It is very interesting to observe how the BBC covers the growing restlessness amongst the UK workforce as more and more precious jobs are lost to non-nationals. It has to be a tricky one for the multiculti-EU loving BBC and true to form I see that the line currently being peddled is to place all responsibility with the management of those companies concerned but this obscures the central fact that the companies are lawfully employing EU citizens, it just so happens this is in preference to UK citizens. So the issue is not UK management, it is the provisions of EU legislation that have created circumstances that are now leading, slowly, inexorably, to widespread civil unrest. As I pointed out at the time, when Brown talked about British jobs for British workers, he was lying through his teeth. When the workers in some sectors rose up against the Thatcher government, the BBC were with the comrades all the way but now..ah, it’s a lot more difficult…watch this space.


I see that the BBC is running the line by the president of the European Commission, Jose Manuel Barroso that the UK is “closer than ever before” to joining the euro currency zone. Speaking on a French radio show, he said British politicians were considering the move because of the effects of the global credit crunch. Given that Labour denies it has had any change of heart on the Euro, you would think the BBC might have pursued Barroso’s claim a little bit more vigorously? Which British politicians had told him this? When did he gain this new insight that he felt moved to share with French radio listeners? Are there any within the UK government that see this as an opportunity to advance the Euro cause? After all, since Brown has wrecked our British Pound he may feel inclined to move on and find a new currency to destroy?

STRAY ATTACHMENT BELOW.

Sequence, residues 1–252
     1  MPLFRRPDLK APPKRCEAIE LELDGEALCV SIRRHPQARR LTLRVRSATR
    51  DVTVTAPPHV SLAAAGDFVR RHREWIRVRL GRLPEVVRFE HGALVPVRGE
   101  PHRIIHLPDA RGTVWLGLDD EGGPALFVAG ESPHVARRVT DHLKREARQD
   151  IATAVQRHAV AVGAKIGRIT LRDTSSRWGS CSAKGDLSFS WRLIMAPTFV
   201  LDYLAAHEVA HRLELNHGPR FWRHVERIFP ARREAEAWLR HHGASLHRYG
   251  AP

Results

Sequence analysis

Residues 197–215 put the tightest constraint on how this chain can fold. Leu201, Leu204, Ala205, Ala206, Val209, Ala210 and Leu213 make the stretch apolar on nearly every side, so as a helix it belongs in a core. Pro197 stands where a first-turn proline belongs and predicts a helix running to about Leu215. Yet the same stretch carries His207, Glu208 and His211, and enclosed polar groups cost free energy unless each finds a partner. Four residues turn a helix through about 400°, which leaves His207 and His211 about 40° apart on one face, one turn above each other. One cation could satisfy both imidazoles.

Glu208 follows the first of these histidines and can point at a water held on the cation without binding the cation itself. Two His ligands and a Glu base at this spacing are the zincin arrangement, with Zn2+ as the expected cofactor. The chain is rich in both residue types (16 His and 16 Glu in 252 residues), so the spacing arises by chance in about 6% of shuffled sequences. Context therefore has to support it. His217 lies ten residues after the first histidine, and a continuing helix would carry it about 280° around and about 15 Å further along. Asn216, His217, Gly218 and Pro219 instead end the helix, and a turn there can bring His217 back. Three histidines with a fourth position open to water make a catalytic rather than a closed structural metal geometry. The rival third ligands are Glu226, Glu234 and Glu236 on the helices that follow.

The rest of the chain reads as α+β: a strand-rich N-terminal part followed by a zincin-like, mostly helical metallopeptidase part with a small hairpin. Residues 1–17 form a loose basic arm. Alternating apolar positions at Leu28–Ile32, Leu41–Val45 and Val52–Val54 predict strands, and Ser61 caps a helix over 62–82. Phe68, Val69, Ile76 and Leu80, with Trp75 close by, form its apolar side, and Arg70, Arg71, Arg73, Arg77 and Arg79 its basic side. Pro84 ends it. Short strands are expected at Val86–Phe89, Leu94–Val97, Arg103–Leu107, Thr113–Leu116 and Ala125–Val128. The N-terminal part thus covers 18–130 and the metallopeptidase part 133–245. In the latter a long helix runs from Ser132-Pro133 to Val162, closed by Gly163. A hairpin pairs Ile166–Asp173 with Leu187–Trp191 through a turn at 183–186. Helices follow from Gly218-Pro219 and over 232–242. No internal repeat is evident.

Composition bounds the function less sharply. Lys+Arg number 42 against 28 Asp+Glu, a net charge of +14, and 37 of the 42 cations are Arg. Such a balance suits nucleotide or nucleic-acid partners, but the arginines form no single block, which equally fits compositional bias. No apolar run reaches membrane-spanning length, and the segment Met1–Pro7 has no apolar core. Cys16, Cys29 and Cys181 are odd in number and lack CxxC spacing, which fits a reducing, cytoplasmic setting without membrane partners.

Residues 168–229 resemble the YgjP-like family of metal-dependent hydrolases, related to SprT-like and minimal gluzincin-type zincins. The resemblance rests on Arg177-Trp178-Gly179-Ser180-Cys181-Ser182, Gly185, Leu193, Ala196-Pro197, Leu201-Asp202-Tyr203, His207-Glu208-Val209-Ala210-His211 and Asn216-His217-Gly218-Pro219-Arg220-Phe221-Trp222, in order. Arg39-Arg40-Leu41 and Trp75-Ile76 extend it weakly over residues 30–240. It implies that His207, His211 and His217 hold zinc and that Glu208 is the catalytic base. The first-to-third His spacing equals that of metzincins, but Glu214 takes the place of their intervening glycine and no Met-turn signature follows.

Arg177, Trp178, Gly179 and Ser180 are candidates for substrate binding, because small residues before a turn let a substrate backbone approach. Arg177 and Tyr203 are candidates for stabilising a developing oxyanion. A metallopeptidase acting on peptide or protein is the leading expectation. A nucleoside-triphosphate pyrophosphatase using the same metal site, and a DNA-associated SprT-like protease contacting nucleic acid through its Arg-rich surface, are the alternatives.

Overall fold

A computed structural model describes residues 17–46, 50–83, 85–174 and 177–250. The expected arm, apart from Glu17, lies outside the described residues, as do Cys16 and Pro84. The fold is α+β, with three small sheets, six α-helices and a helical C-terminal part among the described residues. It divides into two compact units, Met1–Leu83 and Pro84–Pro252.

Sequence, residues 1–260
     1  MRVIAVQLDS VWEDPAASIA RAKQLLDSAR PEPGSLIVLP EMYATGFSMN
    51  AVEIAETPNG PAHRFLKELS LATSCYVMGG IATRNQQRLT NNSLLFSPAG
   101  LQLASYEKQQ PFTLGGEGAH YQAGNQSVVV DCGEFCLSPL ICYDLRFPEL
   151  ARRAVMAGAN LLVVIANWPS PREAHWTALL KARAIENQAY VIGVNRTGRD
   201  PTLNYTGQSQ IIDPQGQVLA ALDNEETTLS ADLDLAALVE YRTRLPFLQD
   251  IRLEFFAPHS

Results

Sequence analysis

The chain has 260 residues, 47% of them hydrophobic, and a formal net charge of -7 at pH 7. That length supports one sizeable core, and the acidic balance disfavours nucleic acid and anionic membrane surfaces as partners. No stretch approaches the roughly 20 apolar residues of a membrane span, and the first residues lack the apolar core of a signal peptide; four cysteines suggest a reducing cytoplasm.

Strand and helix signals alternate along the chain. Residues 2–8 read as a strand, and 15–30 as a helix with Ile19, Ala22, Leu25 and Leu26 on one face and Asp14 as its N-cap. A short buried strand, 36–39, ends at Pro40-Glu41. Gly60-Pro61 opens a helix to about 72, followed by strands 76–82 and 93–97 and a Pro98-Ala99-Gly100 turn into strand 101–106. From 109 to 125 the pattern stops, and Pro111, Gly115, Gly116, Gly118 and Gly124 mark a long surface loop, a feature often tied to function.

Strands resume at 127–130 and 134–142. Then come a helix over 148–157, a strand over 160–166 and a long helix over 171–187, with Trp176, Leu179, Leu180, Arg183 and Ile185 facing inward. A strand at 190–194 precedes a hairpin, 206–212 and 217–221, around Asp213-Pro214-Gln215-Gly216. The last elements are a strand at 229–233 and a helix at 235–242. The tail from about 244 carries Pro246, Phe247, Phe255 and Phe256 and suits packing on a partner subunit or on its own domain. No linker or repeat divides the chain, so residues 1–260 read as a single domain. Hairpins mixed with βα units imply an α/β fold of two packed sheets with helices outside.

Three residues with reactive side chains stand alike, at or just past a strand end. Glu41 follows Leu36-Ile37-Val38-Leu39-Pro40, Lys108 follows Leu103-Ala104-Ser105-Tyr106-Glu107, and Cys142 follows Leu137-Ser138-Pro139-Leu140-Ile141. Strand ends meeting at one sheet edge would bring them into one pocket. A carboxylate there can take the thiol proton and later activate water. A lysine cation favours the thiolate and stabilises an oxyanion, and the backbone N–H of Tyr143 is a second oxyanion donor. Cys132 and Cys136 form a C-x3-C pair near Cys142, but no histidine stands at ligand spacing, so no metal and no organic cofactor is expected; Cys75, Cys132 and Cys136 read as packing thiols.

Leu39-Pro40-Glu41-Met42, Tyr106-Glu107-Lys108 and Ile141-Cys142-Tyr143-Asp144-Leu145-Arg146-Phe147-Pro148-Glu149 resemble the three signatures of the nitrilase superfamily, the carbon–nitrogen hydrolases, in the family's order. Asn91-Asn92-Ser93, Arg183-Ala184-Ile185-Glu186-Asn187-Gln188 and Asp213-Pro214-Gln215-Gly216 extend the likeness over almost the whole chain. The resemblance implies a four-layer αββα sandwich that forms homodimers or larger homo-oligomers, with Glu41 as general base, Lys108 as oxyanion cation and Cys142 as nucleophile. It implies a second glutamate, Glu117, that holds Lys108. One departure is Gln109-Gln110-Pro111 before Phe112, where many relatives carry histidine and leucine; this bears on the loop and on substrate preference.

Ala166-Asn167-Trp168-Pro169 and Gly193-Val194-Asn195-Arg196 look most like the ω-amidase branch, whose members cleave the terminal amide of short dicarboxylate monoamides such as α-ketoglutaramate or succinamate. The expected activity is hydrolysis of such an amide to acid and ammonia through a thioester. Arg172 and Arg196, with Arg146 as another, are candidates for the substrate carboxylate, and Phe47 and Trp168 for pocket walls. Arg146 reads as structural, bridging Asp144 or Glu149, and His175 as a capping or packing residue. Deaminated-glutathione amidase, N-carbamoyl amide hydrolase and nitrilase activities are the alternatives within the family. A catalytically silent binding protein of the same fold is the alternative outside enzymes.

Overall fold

Well, on a day that sees the partial nationalisation of the British banking system (Cue quick chorus of the Red Flag?) who would have figured that the EU represents a safe haven from global economic woes? Italians, that who – and the BBC was there to convey the news to us! I caught a report on Today before 7am this morning which sang the praises of the EU and the Euro in particular. It revolved around a gathering of businessmen in Northern Italy and they were oh so happy to be part of the wonderful EU. Then again, with Italy being a basket-case of an economy, is that really surprising? Still, what excellent luck the BBC managed to track down this group of Italian Europhiles, eh?


You can always rely on the BBC to spin stories to reflect favourably upon the EU. Take this nonsense that “Europe agrees bank crisis plan”. Really? Well, what is the “plan” exactly? It appears to reduce down to an agreement to “work together” and “seek” a relaxation of rules. Oh, and Sarkozy has issued an unspecified threat against bank executives. I suggest that this is NOT a plan but rather the usual garbled gibberish which the EU has perfected and which the BBC then trumpets as something of substance.


The EU’s gutless response to the Russian invasion of Georgia gets the sanitised treatment by the BBC here. Nothing new there. But if you check out Mark Mardell’s blog here you will discover that he reckons the EU has been astoundingly tough on Russia.“I reported on TV last night that the EU summit was “surprisingly tough” mainly because of the suspension of talks on a partnership with Russia, but also because of pretty strong robust language” Gosh Mark, aren’t you the intrepid journalist pointing out that strong language. Putin and his puppet Medvedev must be trembling at those tough words. Mark seems a tad distressed that some of us point out just how impotent the EU response has been to Russia territorial aggression, we can but wonder why…..


I see that the BBC gives great prominence to the decision taken by the EU to suspend largesse to Bulgaria worth hundreds of millions of euros because of concerns about corruption and organised crime. Oddly enough one has to scroll back to November of last year to read that the EU’s own annual financial accounts had still to be signed off, for the 13 year in a row. Likely neglect and corruption have been quoted as prime reasons for not passing the EU accounts, and now the EU is unhappy with Bulgarian corruption! I wonder why the BBC sees no reason to share the wider context of the widespread corruption that typifies the entire EU bureaucracy, not just hapless Bulgaria and Romania.